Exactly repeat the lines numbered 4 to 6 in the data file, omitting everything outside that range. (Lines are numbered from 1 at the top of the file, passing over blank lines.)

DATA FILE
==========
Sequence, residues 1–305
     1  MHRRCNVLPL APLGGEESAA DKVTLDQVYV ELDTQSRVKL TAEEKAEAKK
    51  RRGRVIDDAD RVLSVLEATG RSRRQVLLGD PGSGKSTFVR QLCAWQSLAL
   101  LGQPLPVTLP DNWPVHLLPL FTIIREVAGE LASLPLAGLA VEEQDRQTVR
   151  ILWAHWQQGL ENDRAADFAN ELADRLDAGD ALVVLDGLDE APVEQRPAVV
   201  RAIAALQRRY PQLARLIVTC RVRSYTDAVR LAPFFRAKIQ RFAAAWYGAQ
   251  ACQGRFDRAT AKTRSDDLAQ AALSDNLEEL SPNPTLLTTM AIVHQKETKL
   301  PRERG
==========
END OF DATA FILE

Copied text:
   101  LGQPLPVTLP DNWPVHLLPL FTIIREVAGE LASLPLAGLA VEEQDRQTVR
   151  ILWAHWQQGL ENDRAADFAN ELADRLDAGD ALVVLDGLDE APVEQRPAVV
   201  RAIAALQRRY PQLARLIVTC RVRSYTDAVR LAPFFRAKIQ RFAAAWYGAQ